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Indianapolis, Lafayette & Franklin Social Security Disability Blog

About guardianships

Indiana residents should know that a guardianship is a legal device that gives a person or some other party to make decisions on behalf of a ward. The courts usually designate guardians in situations in which a person is disabled or incapacitated. Unless there are medical directives or a durable power of attorney that has already been prepared when someone becomes incapacitated or disabled in some way, it will be up the court to choose a guardian to be responsible for making non-financial and financial decisions for that person.

Having someone to make responsible financial decisions on behalf of people who unexpectedly becomes incapacitated can help avoid financial complications. Real estate, investments and other types of assets can decrease in value if they are not managed for a long period of time. A guardian would also be responsible for paying bills, making sure that liabilities do not accumulate while the ward is incapacitated.

Social media posts may affect your disability benefits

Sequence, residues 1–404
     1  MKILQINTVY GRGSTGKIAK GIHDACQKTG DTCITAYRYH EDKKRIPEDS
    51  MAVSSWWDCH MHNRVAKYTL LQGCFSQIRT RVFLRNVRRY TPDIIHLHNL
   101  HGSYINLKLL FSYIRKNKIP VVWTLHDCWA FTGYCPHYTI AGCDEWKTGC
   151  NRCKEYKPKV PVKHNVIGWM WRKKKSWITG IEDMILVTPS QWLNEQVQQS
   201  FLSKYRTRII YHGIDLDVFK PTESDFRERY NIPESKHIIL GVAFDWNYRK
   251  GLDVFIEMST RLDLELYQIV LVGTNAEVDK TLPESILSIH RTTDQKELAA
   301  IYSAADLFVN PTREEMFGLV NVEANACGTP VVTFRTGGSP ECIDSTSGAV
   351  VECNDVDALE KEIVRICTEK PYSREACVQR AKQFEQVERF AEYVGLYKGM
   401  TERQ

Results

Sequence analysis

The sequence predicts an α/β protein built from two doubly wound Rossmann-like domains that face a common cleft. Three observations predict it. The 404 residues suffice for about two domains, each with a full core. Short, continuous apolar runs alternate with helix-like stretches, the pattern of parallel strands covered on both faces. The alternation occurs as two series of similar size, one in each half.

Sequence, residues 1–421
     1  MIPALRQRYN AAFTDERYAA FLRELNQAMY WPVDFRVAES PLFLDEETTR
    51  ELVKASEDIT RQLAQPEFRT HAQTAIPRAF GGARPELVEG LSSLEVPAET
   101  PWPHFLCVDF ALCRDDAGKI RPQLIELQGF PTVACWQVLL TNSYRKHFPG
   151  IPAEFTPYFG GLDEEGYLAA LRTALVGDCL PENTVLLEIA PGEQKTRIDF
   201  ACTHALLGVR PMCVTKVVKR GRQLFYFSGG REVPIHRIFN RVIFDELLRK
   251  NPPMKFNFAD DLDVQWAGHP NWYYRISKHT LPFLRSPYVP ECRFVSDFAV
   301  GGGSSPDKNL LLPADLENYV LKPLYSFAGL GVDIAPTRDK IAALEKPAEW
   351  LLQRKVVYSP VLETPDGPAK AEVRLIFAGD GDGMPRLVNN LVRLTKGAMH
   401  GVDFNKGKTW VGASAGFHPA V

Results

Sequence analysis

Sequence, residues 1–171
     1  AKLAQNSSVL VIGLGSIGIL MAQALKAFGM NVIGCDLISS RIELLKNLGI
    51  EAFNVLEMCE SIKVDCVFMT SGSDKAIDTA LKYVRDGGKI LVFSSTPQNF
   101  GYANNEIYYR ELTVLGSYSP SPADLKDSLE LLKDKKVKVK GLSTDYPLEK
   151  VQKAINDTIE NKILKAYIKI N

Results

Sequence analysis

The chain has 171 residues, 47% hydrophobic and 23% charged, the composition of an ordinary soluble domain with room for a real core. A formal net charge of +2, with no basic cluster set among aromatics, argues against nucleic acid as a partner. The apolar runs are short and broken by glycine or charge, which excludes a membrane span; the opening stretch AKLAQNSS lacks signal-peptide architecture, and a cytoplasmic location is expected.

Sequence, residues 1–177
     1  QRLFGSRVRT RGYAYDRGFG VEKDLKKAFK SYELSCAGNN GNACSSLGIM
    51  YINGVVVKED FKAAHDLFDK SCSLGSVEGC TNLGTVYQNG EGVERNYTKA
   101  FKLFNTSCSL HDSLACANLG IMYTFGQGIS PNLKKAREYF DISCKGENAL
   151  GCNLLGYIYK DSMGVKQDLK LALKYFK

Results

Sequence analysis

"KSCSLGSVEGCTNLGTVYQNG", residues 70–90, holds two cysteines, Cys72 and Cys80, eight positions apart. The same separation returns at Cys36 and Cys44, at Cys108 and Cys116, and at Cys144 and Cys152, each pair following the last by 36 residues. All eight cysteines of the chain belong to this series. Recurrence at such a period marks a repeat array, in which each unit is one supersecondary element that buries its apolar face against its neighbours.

Like most Hoosiers, you do not mind working hard to support yourself and your family. Unfortunately, though, certain illnesses and injuries can make working impossible. If so, Social Security Disability Insurance benefits may be necessary for paying bills. 

Applying for SSDI benefits is rarely easy. To receive benefits, you must document your medical condition. You may also need to attend a hearing. When determining whether you should receive benefits, though, officials from the Social Security Administration may look outside the formal record. Put simply, what you post on social media may affect your eligibility for benefits. 

Getting disability benefits

When people living in Indiana apply for disability benefits, they are often concerned about the time it will take to receive a decision about their case. There are multiple factors that can affect the timeline of a Social Security disability application. These include the nature of the disability, how well the disability is documented and whether the case must be decided via hearing.